And now…





As they say – time flies when you’re having fun!  It also flies when you’re crying, laughing, shaking your head in disbelief and when you’re sleeping :).

It’s been almost 4 years since my last post and as expected so many things have happened.

I stopped posting regularly back in 2014 for a number of reasons, but mostly because I simply didn’t feel the desire.  I started this blog because I felt I had something valuable to share.  Our journey learning how to feed Henry healthy, well balanced, homemade blended meals was something new to us – and to many of the people we turned to for support.  As I was asking for help, I kept meeting people who not only didn’t have any help to give, but were eager to learn along with me.  Thus… the blog was born.

However after a couple years, my desire to document our lives lessened.  I felt I didn’t have as much new information to share and I felt I just wanted to focus on Henry being a kid for a while.  To stop highlighting how he was different, and to just enjoy being a family.

Henry is now 7 years old, is attending grade 2 at our local community school for the first time, and is a typical kid in many ways.  He is still stubborn (like his Mama), loves music, trains, and all things computers/technology/etc (like his Dad), and is a typical cheeky 7 year old.

He continues to eat exclusively through his g-tube (he still has a Nutriport brand low-profile device) and tastes food when he wants to (vanilla ice cream, whip cream and smoothies are current favourites).  He wears SMO orthotics for foot and ankle support but other than that, he is medically well.  He seems to have outgrown most of his asthma challenges and hasn’t used any type of inhaler for well over a year.  When he gets sick, it still takes him longer than typical to recover, but his overall sick days are done drastically from earlier years and we haven’t needed a trip to the ER for breathing difficulties in a long time.

Henry is still small for his age, and likely always will be.  At 34 pounds, I joke he’ll be off to college still riding in his car seat.  But his height is good and nothing we seem to do makes a different to his weight so I try not to worry about it.  His pediatrician isn’t panicked yet, so why should I.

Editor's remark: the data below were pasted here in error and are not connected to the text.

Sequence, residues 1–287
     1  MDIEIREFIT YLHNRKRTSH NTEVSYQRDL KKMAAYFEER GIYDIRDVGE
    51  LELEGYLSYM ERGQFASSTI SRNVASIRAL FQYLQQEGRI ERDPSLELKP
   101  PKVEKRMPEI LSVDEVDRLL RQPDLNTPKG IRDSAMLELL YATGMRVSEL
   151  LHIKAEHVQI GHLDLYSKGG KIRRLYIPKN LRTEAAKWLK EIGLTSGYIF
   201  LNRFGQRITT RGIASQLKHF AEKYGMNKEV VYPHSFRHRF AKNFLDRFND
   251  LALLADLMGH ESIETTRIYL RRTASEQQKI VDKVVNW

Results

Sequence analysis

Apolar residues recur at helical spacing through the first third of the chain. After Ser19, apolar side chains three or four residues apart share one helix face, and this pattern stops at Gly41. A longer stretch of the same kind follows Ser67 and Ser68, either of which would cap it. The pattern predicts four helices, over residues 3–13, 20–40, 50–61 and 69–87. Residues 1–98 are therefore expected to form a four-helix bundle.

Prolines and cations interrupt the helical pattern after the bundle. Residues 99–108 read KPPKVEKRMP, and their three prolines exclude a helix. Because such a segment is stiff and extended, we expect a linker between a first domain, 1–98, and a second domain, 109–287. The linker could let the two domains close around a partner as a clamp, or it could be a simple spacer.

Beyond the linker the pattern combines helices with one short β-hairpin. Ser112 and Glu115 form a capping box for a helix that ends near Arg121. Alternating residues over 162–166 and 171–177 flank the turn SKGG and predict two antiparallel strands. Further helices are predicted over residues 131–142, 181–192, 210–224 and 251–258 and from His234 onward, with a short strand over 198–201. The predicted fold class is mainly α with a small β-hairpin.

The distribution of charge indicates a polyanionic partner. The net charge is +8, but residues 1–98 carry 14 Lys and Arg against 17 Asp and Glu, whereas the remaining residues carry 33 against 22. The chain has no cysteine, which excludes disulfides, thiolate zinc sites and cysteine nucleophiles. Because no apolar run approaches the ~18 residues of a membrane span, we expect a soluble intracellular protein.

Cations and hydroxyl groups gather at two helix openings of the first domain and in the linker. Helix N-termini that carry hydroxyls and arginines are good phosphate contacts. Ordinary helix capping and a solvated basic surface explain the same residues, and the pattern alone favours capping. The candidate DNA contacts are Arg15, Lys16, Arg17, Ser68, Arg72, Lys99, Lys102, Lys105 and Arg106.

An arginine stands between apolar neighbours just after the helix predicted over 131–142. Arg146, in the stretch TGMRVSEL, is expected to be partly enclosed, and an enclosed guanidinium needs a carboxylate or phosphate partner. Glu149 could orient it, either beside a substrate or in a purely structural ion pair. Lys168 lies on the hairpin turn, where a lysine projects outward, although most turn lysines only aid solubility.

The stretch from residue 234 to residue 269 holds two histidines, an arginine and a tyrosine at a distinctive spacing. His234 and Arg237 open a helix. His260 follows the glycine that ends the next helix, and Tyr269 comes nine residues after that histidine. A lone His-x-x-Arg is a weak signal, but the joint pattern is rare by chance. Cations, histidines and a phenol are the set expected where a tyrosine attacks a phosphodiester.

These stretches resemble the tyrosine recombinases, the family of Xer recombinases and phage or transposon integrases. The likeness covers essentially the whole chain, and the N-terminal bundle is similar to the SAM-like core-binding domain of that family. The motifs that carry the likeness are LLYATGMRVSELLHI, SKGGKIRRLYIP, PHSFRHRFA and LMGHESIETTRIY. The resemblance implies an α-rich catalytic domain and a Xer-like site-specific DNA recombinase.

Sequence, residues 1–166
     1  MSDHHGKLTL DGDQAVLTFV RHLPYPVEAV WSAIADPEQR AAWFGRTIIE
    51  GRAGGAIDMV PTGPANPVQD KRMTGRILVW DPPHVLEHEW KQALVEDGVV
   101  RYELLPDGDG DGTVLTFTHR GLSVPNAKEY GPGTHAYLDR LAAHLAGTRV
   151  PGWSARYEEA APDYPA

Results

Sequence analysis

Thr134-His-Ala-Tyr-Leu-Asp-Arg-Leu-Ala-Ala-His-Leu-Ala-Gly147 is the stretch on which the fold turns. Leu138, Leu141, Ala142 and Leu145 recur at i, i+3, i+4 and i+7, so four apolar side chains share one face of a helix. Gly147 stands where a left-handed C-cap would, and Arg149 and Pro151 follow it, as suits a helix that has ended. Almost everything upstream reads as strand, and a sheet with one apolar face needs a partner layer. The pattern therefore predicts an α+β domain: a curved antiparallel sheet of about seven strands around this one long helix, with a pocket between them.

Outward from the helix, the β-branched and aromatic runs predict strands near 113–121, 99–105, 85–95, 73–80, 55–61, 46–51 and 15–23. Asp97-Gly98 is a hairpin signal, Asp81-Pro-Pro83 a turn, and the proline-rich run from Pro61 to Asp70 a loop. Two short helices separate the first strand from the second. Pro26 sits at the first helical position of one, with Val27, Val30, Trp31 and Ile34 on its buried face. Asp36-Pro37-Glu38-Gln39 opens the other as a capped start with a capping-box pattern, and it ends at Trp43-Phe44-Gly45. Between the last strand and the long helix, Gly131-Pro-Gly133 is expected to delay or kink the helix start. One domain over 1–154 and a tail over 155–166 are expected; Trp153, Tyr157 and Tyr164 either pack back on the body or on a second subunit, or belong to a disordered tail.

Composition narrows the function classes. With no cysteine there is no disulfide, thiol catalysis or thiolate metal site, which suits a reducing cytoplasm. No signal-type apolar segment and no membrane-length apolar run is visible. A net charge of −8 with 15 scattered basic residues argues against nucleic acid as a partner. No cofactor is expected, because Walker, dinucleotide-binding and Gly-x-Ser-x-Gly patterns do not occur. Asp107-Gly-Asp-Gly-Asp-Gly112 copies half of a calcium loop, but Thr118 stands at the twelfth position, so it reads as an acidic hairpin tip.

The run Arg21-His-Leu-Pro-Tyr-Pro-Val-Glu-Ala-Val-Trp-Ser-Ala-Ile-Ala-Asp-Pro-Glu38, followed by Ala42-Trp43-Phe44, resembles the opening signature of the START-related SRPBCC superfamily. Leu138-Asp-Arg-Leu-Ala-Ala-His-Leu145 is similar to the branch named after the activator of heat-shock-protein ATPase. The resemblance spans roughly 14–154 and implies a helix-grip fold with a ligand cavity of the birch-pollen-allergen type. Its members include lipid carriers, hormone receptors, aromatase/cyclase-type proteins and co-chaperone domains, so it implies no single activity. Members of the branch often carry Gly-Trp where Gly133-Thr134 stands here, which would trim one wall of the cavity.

We still make his “blender food” ourselves – and have found a comfortable rhythm that works for us.  Every so often we think… “gee it would be nice to use a commercial food formula” (like that day at Science World when I forgot his food at home!), but Henry’s allergies to wheat, corn and dairy make that impossible.

Overall, he is a happy, healthy boy (who happens to have been born with a muscle condition). We are a fairly typical family of four, with reasons to celebrate and reasons to cry… just like most families we know!

Cheers, Shelley

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Back to the hospital… and a new asthma medication

We were curious how far into the fall season we would make it before our first cold… well, now we know!  It’s not surprising, of course.  Between preschool, playgroup, motoring munchkins and music group… we’ve been fulling enjoying being 31/2 years old :).


So, we spent the day in the ER.  Boy is it busy on a Saturday afternoon!  After waiting about an hour for a room (and we were triaged first priority) we started the asthma protocol.  Henry’s wasn’t doing that bad this time as he’s already had 9 puffs of Ventolin at home, and we took him at the first sign of difficult breathing.  He had one dose of Dexamethasone and then we waited to see if that was enough.  The ER doctor was hoping we wouldn’t need more Ventolin and Atrovent, but in the end we did.  But only one round each (5 puffs Ventolin and 3 puffs Atrovent) and then he was stable enough to come home.